Post by Cincinnatus Van... on 1/21/2013 12:03pm
Despair, Packer fans. Weep, ye scions of Green Bay.
Yesterday, we endured a depressingly Packerless NFC Championship game, and while the game was an entertaining spectacle, the whirling nothingness we face leaves our faces long and our hearts hollow. The void is made worse by the sight of a celebrating Colin Kaepernick. What a loathsome specimen is Kaepernick, a strutting popinjay whose signature move is to kiss his own risible, prolix biceps.
It will be a long time until football matters again.
Basketball will not matter until the playoffs, when the resurgent Bucks earn the right to be flattened by Miami in Round One. The most entertaining part of the hockey season is over. Now the lawyers have stopped bickering and we're subjected to the drudgery of the actual games.
Pitchers and catchers will not report to camp for another month. The Hall Of Fame voting, despite a ballot with names like Bonds, Piazza, Clemens, and Sosa, yielded precisely zero inductees. In the meantime, Cooperstown's halls were diminished by two passings. Stan Musial swung a sweet stick the Cardinals for two decades, and played a mean harmonica to boot. As for the late Earl Weaver, I'd like to think that when the Grim Reaper came that there was a spittle-filled, profanity-laden screaming match and that dear old Earl kicked a mountain of dirt on Death's bony feet before he finally stormed off the field for the last time.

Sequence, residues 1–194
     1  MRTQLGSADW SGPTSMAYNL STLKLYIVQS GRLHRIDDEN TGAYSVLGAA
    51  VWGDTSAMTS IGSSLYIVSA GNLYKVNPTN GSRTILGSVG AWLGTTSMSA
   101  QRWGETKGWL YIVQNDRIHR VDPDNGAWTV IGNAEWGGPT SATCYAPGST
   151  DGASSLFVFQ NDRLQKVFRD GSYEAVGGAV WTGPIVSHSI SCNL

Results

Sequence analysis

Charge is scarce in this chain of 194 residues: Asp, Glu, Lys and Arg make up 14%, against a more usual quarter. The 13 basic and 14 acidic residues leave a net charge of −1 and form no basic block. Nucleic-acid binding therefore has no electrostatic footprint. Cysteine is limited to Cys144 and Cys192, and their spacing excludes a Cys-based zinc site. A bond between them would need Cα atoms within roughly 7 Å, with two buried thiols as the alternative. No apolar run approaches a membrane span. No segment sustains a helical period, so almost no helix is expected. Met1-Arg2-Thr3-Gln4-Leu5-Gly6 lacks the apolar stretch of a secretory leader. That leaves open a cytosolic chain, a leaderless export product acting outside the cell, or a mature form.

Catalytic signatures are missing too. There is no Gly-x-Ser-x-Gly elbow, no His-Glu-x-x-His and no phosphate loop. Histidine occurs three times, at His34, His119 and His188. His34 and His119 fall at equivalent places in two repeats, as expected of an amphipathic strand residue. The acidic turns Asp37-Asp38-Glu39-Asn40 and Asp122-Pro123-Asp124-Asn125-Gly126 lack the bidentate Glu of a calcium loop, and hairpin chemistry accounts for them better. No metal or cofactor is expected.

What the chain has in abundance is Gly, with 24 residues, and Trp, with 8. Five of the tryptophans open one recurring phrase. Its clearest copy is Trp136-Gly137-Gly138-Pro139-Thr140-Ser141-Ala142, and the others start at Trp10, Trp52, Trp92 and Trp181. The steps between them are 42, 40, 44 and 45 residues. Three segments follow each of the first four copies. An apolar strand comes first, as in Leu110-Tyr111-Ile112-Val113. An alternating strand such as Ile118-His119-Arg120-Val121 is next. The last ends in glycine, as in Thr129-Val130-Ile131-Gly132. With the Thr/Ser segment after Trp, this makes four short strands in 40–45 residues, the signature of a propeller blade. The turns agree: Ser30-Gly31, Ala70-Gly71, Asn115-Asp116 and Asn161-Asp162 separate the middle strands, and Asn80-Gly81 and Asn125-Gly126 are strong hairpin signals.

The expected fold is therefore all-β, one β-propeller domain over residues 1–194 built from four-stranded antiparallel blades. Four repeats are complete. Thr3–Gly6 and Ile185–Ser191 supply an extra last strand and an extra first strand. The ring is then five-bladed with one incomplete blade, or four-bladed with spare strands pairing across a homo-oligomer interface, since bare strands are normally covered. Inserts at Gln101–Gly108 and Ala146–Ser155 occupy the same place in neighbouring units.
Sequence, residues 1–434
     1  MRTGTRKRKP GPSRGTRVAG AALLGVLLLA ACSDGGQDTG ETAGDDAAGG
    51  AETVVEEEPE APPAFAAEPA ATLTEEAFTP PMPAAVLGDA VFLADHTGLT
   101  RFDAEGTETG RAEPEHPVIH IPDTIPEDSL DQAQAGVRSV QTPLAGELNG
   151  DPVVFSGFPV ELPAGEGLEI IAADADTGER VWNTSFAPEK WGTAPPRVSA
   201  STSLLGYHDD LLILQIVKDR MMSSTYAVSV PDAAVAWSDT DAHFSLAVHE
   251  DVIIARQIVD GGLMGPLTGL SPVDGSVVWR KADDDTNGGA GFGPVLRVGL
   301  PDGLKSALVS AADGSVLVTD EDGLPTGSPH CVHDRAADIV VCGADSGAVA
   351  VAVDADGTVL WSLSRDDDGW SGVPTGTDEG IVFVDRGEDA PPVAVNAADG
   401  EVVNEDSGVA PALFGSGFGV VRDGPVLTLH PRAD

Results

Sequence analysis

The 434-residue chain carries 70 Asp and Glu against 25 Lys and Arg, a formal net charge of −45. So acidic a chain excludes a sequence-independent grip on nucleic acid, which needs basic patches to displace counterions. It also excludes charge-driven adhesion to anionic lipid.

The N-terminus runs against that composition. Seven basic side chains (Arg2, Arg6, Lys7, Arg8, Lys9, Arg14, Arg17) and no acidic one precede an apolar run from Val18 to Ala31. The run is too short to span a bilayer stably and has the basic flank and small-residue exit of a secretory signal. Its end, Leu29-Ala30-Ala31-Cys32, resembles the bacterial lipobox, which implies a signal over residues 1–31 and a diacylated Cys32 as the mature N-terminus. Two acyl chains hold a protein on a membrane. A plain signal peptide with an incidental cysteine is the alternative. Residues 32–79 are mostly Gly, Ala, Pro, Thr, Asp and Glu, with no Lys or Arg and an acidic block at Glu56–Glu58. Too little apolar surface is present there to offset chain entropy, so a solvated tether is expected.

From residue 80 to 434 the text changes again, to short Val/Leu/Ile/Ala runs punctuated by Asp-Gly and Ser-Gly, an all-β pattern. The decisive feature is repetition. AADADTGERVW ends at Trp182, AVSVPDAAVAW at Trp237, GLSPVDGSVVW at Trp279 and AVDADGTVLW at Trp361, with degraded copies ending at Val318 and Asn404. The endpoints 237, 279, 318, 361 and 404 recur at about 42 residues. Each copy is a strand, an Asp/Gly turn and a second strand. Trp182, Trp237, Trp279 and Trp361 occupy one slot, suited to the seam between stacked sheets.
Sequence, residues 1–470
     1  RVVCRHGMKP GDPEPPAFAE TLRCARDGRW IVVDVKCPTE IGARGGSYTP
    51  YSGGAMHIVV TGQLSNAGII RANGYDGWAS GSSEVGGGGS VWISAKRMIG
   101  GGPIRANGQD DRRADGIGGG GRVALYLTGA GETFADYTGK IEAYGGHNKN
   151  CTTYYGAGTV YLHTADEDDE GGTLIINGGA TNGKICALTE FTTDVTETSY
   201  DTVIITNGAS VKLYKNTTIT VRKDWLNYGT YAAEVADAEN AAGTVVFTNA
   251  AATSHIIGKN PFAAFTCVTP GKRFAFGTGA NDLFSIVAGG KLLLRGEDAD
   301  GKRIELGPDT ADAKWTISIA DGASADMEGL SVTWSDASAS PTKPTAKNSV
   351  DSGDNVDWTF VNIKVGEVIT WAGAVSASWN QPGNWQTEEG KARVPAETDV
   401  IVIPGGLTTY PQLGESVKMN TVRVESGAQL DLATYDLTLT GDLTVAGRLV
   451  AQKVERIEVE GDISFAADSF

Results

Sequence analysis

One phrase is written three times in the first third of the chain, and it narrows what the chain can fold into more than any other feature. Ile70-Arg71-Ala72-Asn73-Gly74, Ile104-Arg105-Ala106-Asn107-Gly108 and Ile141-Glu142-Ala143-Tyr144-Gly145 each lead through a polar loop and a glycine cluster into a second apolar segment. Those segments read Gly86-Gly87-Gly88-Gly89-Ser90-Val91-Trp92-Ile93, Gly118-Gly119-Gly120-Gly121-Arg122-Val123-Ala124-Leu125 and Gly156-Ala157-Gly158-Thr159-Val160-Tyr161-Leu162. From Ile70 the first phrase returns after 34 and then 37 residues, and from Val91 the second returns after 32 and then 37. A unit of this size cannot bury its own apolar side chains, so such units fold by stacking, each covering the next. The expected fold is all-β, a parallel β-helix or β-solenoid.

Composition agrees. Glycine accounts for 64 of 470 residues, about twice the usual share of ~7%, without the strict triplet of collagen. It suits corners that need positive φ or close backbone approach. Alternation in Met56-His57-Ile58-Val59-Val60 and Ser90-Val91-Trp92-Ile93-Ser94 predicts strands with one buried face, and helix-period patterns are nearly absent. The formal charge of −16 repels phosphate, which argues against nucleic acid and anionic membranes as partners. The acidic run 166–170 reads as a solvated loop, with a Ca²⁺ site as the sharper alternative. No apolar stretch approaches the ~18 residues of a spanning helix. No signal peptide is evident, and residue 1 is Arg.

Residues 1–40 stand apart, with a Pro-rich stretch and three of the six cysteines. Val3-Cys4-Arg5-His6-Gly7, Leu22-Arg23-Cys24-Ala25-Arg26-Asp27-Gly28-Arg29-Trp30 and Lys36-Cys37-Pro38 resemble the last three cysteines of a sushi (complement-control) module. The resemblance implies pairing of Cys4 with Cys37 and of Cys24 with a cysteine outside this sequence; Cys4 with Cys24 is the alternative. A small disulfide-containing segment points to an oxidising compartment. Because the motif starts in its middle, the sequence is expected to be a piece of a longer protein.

This is a blank and lonely time of year.
Post by Cincinnatus Van... on 1/7/2013 3:52pm
This was a blessedly drama-free weekend. There have been fireworks at Casa Van Lingle before when playoff schedules conflicted with Downton Abbey. It is for the good of all that the Packers played on Saturday and the Crawleys played on Sunday.
Of the two events, the Packers game offered a lot less drama. The Packers took a lead midway through the first quarter that they never relinquished. There was no more tension than the Harlem Globetrotters playing the Washington Generals.
The only person for whom the night was memorable was the Vikings backup quarterback, Poor Joe Webb.
There is a nightmare, as old as the human mind. The lights are on. The crowds are in their seats. There you stand, sans trousers, upon the unforgiving stage. You do not know your lines. You cannot sing. The restless crowd begins to boo.